London, 9th May 2012 – On the 3rd May, Jones Lang LaSalle hosted a lively debate with the Department of Energy and Climate Change (DECC) on the future of carbon reduction policy on behalf of the Major Energy Users Council.
The meeting formed part of a regular exchange of views allowing DECC officials to outline their current thinking and to receive feedback from MEUC member organisations who between them account for approximately 30 per cent of the tax payable under the CRC Energy Efficiency Scheme.
DECC reconfirmed their commitment to the CRC outlining ways in which they believe modifications will reduce the cost of compliance by two-thirds. Subject to consultation, the alternative is to abandon the scheme in favour of an environmental tax which is likely to be collected through an increase in the Climate Change Levy. DECC is to hold stakeholder briefings on their changes to the CRC in Manchester and London during May.
Delegates also heard from DECC on progress of their Electricity Demand Reduction assessment. This ground-breaking exercise has been designed to put customers’ ability to reduce power consumption under the microscope and to identify what incentives would need to be put in place to avoid unnecessary investment in new generation sources. Initial findings suggest that power demand savings could reach 38 per cent of the current total load by 2030.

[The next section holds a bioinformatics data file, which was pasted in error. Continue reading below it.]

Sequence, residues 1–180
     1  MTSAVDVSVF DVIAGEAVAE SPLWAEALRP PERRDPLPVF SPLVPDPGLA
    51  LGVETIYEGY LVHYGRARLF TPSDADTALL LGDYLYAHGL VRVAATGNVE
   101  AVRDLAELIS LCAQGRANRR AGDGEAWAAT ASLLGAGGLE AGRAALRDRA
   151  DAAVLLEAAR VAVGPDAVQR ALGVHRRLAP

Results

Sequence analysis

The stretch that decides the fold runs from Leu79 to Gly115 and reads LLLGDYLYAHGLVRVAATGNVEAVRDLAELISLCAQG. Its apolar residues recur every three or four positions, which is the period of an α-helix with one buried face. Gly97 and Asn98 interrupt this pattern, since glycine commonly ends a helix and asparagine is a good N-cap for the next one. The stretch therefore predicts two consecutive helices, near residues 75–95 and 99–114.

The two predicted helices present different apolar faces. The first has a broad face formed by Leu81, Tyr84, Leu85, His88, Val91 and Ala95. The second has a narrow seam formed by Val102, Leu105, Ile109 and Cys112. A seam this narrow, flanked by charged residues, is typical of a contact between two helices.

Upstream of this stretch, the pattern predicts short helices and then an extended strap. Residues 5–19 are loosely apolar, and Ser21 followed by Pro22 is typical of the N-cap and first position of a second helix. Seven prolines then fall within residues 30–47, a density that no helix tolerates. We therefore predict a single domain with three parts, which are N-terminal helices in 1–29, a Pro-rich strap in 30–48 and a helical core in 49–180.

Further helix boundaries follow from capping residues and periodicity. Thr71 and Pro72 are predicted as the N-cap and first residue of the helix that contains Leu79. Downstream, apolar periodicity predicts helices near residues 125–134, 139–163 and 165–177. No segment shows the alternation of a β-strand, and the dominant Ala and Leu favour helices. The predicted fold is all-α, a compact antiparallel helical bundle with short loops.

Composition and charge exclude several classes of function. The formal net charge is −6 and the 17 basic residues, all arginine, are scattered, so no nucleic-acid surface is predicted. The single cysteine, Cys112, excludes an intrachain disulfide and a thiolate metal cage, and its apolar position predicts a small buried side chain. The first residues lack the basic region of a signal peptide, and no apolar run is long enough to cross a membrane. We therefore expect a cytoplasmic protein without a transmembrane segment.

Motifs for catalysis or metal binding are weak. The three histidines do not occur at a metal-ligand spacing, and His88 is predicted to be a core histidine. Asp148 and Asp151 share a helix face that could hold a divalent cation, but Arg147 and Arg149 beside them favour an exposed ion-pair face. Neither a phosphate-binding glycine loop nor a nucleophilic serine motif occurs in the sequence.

Contributions and questions came from over 40 members of the MEUC from the retail, industrial, commercial and public sectors with DECC being left in no doubt that CRC continues to prove one of the most controversial schemes of recent years particularly since it was changed by the Treasury from an investment incentive scheme into an environmental tax.
Abigail Dean, Associate Director, Upstream Sustainability Services at Jones Lang LaSalle
commented: ‘The event was a great opportunity to hear the views of those most directly impacted by the legislation. The CRC has not been popular but it has certainly increased the profile of carbon monitoring and reporting. If it is to be scrapped, it is essential that any replacement includes an emphasis on carbon monitoring. An increase in tax alone is unlikely to lead to significant energy efficiency gains